The past has a way of catching up. That certainly seems to be the case with Purdue Pharma. Accused of deceptive marketing practices, the pharma giant had to face the wrath of several state and local governments, which have sued it for fueling the opioid epidemic. A lawsuit filed by Washington Attorney General Bob Ferguson in September 2017 implicated the drug major for convincing doctors and public that their signature medication OxyContin has low risks of addiction.
The pharmaceutical company has suffered yet another blow. In October 2017, Cigna Corp announced that it would stop covering OxyContin. It signed a contract with Collegium Pharmaceutical Inc. for Xtampza ER, an extended-release oxycodone formulation, with lower potential for abuse. Unlike OxyContin, Xtampza ER cannot be made more potent or fast-acting by cutting or crushing.
The controversial OxyContin, also known as Hillbilly Heroin, first came into the market in 1995. While physicians were wary of the drug, the drug manufacturer proclaimed wrongfully that the delayed response mechanism could limit the risk of addiction associated with the drug. Steven May, a former employee, who has since turned into a whistle-blower, claimed that he was trained to market the drug aggressively. The idea was to ensure that patients would, “Start with and to stay with,” although the drug has an immense potential for abuse.
OxyContin is a narcotic opiate pain reliever and is primarily used by cancer patients and those suffering from chronic pain. However, in many instances, those with the prescribed dose tend to abuse the drug long after the pain has subsided. This is due to its mood-altering properties. When one takes more than the prescribed amount of the substance, respiratory failure and death can ensue.
OxyContin abuse endangers mental health
Any form of drug dependence is responsible for causing neurochemical changes in the brain. These could significantly alter the individual’s behavior and endanger his/her mental health. Some potential risks of long-term OxyContin abuse are given below:
1. Altered mood, memory and cognition: One of the dangers of prolonged drug use is altered mood, cognition and memory. As the drug befuddles the brain, it is difficult for the person to remember anything and make sensible decisions.
2. Hallucinations: One common side effect of OxyContin abuse is hallucinations. The tendency to hallucinate is more common in women aged 60 and above. eHealthMe, an American medical analysis website which studies nearly 40 million drug outcomes post their market release, analyzed the side effects faced by people when they took OxyContin from FDA. As per the report, of the 61,249 people, 730 or 1.19 percent reported that they had experienced hallucinations.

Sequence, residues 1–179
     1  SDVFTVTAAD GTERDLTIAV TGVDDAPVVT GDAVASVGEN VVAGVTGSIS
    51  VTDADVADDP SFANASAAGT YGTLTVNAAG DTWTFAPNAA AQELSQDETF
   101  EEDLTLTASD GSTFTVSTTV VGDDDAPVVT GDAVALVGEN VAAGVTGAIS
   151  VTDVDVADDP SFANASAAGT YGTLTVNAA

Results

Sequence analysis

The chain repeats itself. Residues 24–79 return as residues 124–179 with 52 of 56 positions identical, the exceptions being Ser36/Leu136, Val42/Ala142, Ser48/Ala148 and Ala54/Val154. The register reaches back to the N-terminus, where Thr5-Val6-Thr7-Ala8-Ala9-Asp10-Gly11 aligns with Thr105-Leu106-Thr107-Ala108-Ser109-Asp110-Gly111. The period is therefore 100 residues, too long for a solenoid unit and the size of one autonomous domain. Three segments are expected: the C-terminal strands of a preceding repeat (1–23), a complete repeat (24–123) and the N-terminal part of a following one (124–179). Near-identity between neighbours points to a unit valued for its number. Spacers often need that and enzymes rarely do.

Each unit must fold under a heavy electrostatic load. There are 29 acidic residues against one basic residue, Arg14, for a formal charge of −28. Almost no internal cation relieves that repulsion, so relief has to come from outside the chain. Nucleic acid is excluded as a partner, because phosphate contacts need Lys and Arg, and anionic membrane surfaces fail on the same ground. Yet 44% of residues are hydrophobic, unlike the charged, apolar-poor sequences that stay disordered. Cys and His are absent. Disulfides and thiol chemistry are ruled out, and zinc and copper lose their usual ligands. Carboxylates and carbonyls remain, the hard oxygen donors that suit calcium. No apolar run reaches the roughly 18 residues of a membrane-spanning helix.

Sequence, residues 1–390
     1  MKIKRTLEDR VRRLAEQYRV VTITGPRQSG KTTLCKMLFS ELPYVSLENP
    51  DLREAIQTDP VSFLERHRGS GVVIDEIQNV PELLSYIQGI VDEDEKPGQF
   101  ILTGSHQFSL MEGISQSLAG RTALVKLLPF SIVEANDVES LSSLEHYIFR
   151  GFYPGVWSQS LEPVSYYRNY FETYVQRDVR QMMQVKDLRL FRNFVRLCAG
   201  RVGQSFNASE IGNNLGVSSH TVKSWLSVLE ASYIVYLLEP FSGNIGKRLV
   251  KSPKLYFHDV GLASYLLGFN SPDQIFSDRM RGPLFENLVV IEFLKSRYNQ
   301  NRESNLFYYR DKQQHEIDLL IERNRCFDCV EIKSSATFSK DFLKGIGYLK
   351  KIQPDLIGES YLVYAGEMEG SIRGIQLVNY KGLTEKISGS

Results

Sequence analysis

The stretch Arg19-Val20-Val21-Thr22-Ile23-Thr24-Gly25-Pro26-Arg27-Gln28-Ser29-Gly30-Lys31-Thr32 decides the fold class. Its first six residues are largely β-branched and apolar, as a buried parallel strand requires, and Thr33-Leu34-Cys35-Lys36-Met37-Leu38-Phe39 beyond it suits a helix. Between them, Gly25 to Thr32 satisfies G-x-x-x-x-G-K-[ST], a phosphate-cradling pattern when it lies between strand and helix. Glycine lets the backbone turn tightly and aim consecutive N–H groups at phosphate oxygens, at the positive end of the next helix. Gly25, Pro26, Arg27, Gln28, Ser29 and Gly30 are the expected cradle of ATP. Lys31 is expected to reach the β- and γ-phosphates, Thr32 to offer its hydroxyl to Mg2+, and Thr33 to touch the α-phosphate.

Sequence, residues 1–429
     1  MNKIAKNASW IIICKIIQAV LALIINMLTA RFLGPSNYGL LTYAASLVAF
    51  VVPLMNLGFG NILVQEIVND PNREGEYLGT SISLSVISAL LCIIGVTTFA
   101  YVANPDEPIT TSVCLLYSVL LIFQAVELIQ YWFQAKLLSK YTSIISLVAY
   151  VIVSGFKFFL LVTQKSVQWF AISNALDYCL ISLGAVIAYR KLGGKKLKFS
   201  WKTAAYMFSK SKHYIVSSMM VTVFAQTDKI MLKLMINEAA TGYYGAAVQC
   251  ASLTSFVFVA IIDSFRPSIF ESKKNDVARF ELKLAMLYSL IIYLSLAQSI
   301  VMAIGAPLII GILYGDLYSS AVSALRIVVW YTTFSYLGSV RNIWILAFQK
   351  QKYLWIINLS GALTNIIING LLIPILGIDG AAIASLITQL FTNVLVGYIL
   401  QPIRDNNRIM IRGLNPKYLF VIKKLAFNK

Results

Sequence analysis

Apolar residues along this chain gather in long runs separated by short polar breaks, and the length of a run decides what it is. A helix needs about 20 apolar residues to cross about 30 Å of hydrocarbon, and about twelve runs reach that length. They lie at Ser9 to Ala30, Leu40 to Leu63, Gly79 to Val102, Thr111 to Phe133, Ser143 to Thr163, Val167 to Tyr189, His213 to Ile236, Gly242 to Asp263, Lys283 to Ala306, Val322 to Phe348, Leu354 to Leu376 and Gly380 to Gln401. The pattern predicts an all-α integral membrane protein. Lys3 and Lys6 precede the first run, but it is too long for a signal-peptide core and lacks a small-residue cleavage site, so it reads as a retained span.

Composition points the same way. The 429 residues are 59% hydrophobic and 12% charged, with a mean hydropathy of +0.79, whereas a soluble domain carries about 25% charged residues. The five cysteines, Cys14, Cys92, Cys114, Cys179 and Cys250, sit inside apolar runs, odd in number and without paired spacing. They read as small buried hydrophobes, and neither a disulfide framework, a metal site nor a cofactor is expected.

3. Paranoid behavior: Many individuals who are dependent on OxyContin show paranoid behavior. For example, they could be under the delusion that somebody is trying to steal their medications. Aggravated emotional responses such as crying for no reason is apparent when one uses OxyContin for long.
4. Depression: Whether one tries to mask pain with prescription drugs or uses the drug to experience the euphoric aftereffects, the most common side effect of abuse is depression. Consistent use depletes the natural feel good hormones existing in the brain and in time, one is dependent on the drug solely to find happiness.
5. Increased isolation: Most people do not like to disclose their drug habits because they are afraid of being judged for their failings. They are also afraid of rehab and the constraints it would place on their drug use. Hence, they tend to become
Time to seek help
For an individual who is battling comorbid disorders, the struggle can be endless. They could feel disheartened when they are unable to overcome the problems no matter how hard they try. Treatment for co-occurring disorders is difficult but not impossible. With timely prognosis and care, one can get free from addiction and mental illness, and regain control of his or her life.
If you or your loved one is grappling with a dual diagnosis condition, it is advisable to seek help at the earliest before matters go out of hand. The Florida Dual Diagnosis Helpline can assist you in finding the best dual diagnosis treatment centers in Florida that specialize in delivering evidence-based intervention plans. Call at our 24/7 helpline (866) 337-7631 or chat online with a specialist to know more about the dual diagnosis treatment facilities in Florida.